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Timothy K. Broschat

( Ogden et al., 1987 ). Controlled-release fertilizers (CRFs) have been very effective in supplying plant nutrient needs and minimizing the loss of environmentally problematic ions such as nitrate nitrogen (NO 3 -N) and phosphate phosphorus (PO 4 -P

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Chad Hutchinson* and Eric Simonne

Potato (Solanum tuberosum L.) production best management practices (BMPs) are under development for the Tri-County Agricultural Area (TCAA; St. Johns, Putnam, and Flagler counties) near Hastings, Fla. BMPs are designed to reduce nitrate non-point pollution in the St. Johns River from the |8000 ha in potato production in the TCAA. Research to develop a controlled release fertilizer (CRF) program to help growers meet the current nitrogen rate BMPs was conducted during the 2003 season. A randomized complete block experiment with four replications was conducted at the Plant Science Research and Education Unit in Hastings, Fla. The treatments were no nitrogen control, ammonium nitrate (168 and 212 kg N/ha) and three CRF products blended at different ratios (168 kg N/ha). Total tuber yields for `Atlantic' for the no nitrogen, and 168 and 212 kg N/ha ammonium nitrate treatments were 11.5, 23.4, and 36.4 MT/ha. The best combination of the three CRF products were a ratio of 33:33:33 with a 40 day, 75 day, 120 day release period, respectively. Total yield for this blend was 42.2 MT/ha. Specific gravities for tubers in all four treatments were 1.060, 1.072, 1.078, and 1.082, respectively. Percent of tubers with hollow heart four all four treatment were 8.1, 18.2, 20.0, and 6.4% respectively. Percent of tubers with internal heat necrosis four all four treatments were 20.6, 8.1, 20.6, and 6.3%, respectively. The CRF treatment produced significantly more tubers than the ammonium nitrate treatment at the same nitrogen rate. Quality of the tubers in the CRF treatment was higher than tubers from the no nitrogen control and ammonium nitrate treatments. Research will continue to optimize the CRF program for potato production in Florida.

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Mary Jane Clark and Youbin Zheng

Micros controlled-release fertilizer, applied at six rates. Data are means of five replicates. Where effect of fertilizer rate was significant ( P < 0.05), lines indicate the calculated regression, otherwise no lines are shown. Despite the natural yellow

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Stephen K. O'Hair and Tiangen Wang

Controlled-Released Fertilizer (CRF) has a great potential for applications in the nursery container industry. However, the specific mechanisms of the control are proprietary. The longevity claimed by manufacturers are unclear. The longevity of one CRF is claimed to be 2 to 3 months at 80 °F, resulting in a deviation of 30%. Thus, the actual release rate will have a 30% deviation from the claimed longevity. A preliminary study was conducted to test the longevity of two types of RCFs. 1.00 g (7.7% NO- 3-N, fast release) and 1.30 g (5.9% NO- 3-N slow release) of CRF was added to 500 ml distilled water in separate flasks and stirred continuously at a low speed during measurement period. A nitrate electrode and a reference electrode were set in the solution. The nitrate electrode responded to the increase in nitrate concentration caused by nitrate release from he CRFs. The response analog signal from the nitrate sensor was input to a 16-bit analog/digital converter with 1-minute interval for each measurement. The results indicated that 9% of the nitrate from the fast CRF (2- to 3-month longevity) was released in 10 hours. About 11.5% of the nitrate from the slow CRF (8- to 9-month longevity) was released in 260 hours. Based on the observed release rates, a 2- to 3-month longevity CRF will last about 111 hours in the stirred distilled water at room temperature. A CRF with 8 to 9 month longevity will last about 94.2 days. Even though field conditions are different from the experimental conditions, the real longevity of CRF in the fields may have to be further investigated. In the tropical southern Florida climate, the release rates of nutrients from CRFs are likely to be enhanced.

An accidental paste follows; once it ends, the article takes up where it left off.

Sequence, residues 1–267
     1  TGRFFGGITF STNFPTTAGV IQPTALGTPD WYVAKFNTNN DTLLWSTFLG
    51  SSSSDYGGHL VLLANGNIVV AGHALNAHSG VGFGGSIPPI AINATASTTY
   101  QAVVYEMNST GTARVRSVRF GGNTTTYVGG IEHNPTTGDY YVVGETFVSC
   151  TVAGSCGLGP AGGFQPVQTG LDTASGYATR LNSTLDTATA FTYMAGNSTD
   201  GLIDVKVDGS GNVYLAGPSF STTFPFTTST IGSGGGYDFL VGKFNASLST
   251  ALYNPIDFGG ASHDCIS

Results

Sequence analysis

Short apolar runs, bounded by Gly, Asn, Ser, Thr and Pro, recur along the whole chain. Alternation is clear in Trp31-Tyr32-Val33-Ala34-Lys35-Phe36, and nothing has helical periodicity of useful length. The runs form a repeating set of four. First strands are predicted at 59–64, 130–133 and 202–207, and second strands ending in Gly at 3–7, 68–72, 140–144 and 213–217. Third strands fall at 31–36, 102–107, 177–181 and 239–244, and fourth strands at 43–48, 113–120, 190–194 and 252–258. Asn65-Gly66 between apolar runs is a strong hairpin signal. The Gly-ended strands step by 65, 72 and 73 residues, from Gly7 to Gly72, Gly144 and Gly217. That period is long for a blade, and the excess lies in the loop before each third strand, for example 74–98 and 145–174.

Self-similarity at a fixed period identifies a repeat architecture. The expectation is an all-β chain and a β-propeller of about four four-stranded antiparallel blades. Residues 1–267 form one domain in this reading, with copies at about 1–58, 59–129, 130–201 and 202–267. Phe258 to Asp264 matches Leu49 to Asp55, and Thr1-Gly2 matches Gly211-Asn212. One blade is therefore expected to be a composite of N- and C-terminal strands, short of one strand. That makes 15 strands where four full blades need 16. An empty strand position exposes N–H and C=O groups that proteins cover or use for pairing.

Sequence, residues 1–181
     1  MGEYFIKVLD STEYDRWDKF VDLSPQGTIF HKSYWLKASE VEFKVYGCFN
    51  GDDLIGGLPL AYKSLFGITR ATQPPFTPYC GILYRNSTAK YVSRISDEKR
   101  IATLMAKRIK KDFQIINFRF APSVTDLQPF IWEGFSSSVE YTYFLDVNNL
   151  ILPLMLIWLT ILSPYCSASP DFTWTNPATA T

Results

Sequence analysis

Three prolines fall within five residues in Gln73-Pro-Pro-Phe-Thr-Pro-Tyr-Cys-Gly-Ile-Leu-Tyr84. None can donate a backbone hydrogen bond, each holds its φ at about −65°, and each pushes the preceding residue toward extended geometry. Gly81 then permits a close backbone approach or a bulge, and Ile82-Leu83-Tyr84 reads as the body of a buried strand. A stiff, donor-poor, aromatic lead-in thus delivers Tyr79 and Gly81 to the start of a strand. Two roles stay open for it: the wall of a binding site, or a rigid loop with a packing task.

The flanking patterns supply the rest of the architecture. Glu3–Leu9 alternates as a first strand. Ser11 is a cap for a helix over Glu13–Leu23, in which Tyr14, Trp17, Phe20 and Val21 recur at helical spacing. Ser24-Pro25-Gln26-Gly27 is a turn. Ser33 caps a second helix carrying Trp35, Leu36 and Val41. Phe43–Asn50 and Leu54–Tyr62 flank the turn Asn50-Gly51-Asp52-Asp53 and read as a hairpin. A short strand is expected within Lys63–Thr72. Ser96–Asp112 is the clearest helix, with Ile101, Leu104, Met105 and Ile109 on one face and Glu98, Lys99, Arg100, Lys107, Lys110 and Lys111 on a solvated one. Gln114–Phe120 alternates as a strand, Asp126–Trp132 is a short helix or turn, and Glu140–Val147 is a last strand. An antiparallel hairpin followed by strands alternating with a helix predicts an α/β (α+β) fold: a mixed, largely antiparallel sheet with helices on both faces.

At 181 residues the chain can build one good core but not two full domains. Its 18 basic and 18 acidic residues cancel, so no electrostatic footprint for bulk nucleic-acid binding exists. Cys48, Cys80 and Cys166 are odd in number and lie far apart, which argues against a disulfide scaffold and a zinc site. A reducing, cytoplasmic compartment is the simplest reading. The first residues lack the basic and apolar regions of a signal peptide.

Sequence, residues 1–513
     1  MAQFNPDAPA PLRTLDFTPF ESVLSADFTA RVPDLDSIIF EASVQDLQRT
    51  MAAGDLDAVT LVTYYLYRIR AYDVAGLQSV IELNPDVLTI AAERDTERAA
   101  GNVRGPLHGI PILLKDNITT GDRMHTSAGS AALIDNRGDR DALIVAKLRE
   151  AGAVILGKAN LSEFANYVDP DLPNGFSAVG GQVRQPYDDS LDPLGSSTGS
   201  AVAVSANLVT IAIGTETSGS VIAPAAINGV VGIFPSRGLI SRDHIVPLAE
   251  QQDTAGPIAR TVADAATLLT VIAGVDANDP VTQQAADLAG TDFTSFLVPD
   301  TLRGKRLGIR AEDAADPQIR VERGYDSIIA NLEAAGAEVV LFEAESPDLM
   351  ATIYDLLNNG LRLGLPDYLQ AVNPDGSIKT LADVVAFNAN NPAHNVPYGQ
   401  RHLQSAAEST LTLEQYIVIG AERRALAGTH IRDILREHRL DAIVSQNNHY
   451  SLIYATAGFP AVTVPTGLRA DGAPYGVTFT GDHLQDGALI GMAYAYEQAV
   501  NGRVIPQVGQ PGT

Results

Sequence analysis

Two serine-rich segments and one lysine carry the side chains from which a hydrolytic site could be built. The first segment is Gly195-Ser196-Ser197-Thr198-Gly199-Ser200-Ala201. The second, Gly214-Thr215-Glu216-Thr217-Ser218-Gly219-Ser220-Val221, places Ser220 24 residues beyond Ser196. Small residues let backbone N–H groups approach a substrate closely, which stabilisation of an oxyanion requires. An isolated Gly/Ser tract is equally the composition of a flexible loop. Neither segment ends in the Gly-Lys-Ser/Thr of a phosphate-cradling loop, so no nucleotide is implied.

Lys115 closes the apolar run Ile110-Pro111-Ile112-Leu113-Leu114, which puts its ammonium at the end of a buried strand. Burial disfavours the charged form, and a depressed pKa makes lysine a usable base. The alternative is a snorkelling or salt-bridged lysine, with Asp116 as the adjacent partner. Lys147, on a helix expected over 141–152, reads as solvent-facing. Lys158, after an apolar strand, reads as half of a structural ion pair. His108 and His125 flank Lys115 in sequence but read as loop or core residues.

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Andrew Ristvey and John Lea-Cox

Nutrient release patterns from several different controlled-release fertilizers (CRF) were studied during the overwintering period of a long-term nutrient uptake, leaching, and loss study of Azalea (Rhododendron) cv. `Karen' and Holly (Ilex cornuta) cv. `China Girl', under sprinkler and drip irrigation. In Maryland, diurnal winter temperatures can vary from ≈10 °C to above 15 °C. Most growers, therefore, cover frames with opaque plastic for cold protection from November through April. This is also the period when many growers apply CRFs on those plant species that take more than 1 year to produce. Few data are presently available on the release patterns of CRFs under variable temperature conditions in late winter/early spring. We hypothesized that substrate temperatures warmer than 15–16 °C will result in CRFs releasing nutrients at a time when root systems are inactive, with a major loss of nutrients with the first few irrigations in Spring. This 105-day study quantified nitrogen (N) and phosphorus release patterns from four brands of CRF (Osmocote, Nutricote, Scotts High N, and Polyon) with 270- and 360-day release rates, under these conditions. Each CRF was top dressed onto blocks of 18-month-old holly or azalea (n = 112) in 11.5-L (3-gal) containers, at a (low) rate of 6.1 g N per container. Ten randomly selected pots from each treatment were sampled every 15 days using two sequential leachings of distilled water, for a target leaching fraction of 25%. Leachates were recovered and analyzed for nitrate and orthophosphate concentrations. Ambient canopy temperatures were recorded continuously with remote temperature (HoBo) sensors from which degree days above 15–16 °C were calculated and correlated with CRF release patterns.